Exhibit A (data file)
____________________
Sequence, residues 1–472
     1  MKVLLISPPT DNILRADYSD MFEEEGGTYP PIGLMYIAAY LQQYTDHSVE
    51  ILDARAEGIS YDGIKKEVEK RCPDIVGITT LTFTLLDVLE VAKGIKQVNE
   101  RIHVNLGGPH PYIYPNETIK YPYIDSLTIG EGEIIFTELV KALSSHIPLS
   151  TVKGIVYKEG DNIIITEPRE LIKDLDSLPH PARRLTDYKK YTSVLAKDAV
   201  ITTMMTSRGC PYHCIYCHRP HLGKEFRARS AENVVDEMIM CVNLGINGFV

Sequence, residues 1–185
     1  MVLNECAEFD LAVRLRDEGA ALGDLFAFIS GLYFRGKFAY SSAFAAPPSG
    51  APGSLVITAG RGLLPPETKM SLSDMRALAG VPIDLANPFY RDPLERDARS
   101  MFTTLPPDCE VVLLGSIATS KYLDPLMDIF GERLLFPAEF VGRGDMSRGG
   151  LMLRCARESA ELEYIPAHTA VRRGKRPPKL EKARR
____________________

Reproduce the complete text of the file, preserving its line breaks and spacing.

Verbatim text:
Sequence, residues 1–472
     1  MKVLLISPPT DNILRADYSD MFEEEGGTYP PIGLMYIAAY LQQYTDHSVE
    51  ILDARAEGIS YDGIKKEVEK RCPDIVGITT LTFTLLDVLE VAKGIKQVNE
   101  RIHVNLGGPH PYIYPNETIK YPYIDSLTIG EGEIIFTELV KALSSHIPLS
   151  TVKGIVYKEG DNIIITEPRE LIKDLDSLPH PARRLTDYKK YTSVLAKDAV
   201  ITTMMTSRGC PYHCIYCHRP HLGKEFRARS AENVVDEMIM CVNLGINGFV

Sequence, residues 1–185
     1  MVLNECAEFD LAVRLRDEGA ALGDLFAFIS GLYFRGKFAY SSAFAAPPSG
    51  APGSLVITAG RGLLPPETKM SLSDMRALAG VPIDLANPFY RDPLERDARS
   101  MFTTLPPDCE VVLLGSIATS KYLDPLMDIF GERLLFPAEF VGRGDMSRGG
   151  LMLRCARESA ELEYIPAHTA VRRGKRPPKL EKARR